Monday, March 28, 2011

Untapped Potential: The Status of Middle School Science Education in California


Untapped Potential: The Status of Middle School Science Education in California finds that the state’s middle schools have the potential to provide students with high quality science education, but significant challenges limit opportunities for science learning, leaving that potential unfulfilled. The report’s findings are based on the results of a statewide study of science education conducted in 2010 and 2011 among teachers, principals and school district leaders in California, as well as analysis of secondary data in selected school districts. The study was commissioned by the Center for the Future of Teaching and Learning at WestEd and conducted by the Lawrence Hall of Science at the University of California, Berkeley, and SRI International as part of their Strengthening Science Education in California initiative.

The research shows that:

- nearly 40 percent of teachers view students’ lack of interest as a major or moderate challenge to science instruction.
- nearly half (47%) of principals report students’ lack of preparation as a major or moderate challenge.
- nearly one-quarter of middle school teachers may not have an adequate background or preparation for teaching the subject.
- nearly 60 percent of surveyed teachers identified insufficient professional development as a barrier to high-quality science instruction.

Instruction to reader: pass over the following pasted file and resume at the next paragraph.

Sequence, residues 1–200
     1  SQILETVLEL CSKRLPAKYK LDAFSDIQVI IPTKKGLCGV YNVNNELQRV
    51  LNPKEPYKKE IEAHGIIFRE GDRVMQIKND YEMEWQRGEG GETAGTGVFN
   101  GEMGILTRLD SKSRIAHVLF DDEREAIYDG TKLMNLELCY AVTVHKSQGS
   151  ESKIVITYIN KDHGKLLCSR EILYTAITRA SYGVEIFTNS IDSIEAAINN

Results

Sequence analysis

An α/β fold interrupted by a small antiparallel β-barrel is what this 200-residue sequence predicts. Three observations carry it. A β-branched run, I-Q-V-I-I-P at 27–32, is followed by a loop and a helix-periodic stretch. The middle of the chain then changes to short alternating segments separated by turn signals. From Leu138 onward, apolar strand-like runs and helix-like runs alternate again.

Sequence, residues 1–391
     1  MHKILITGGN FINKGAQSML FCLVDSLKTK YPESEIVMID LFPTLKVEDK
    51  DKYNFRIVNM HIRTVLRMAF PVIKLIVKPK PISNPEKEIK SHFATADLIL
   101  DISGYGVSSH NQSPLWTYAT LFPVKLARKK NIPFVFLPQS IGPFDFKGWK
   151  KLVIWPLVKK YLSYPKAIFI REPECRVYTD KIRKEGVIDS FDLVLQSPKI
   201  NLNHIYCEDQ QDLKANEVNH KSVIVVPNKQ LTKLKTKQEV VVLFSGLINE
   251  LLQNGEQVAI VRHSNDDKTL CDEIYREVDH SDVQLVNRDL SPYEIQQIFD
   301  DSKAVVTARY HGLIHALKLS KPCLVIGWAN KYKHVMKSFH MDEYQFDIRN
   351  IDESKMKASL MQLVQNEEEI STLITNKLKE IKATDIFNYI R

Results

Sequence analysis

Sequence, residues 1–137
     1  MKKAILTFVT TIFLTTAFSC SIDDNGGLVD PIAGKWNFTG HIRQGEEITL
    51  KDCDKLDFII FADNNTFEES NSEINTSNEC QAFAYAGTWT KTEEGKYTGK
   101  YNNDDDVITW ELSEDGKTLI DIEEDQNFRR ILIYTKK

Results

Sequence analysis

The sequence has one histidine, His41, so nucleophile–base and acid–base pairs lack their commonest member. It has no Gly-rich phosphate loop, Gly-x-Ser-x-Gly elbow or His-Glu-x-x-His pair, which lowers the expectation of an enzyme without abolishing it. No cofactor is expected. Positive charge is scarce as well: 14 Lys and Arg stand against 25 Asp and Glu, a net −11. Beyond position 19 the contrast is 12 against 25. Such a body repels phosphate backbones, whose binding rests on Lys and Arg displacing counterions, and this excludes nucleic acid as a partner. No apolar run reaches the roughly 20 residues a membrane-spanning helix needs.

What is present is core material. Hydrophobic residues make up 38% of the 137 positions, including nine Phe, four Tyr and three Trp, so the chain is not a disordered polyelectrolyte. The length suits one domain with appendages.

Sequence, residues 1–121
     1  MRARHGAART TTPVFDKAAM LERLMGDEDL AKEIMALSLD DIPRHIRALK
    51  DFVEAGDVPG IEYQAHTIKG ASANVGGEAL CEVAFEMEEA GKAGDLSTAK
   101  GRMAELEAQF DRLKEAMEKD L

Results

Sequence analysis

- just 14 percent of middle school teachers provide a pattern of classroom practices that support regular engagement of students in the practices of science.

Saturday, March 26, 2011

How teacher turnover harms student achievement


This study estimates the effects of teacher turnover on over 850,000 New York City 4th and 5th grade student observations over eight years. The results indicate that students in grade-levels with higher turnover score lower in both ELA and math and that this effect is particularly strong in schools with more low-performing and black students. Moreover, the results suggest that there is a disruptive effect of turnover beyond changing the distribution in teacher quality.

Related article


Wednesday, March 23, 2011

Middle School Science Professional Development Program Evaluated


The 2006-11 Regional Educational Laboratory West at WestEd has concluded a rigorous experimental study of the effects of the Making Sense of ScienceTM Force and Motion professional development program. The program is designed to improve teachers’ pedagogical and science content knowledge.

The study, Effects of Making Sense of SCIENCETM professional development on the achievement of middle school students, including English language learners, found that grade 8 teachers who received the professional development had greater content knowledge about force and motion and confidence in teaching force and motion than teachers who did not receive the professional development. However, there was no impact of the program on students’ physical science test scores.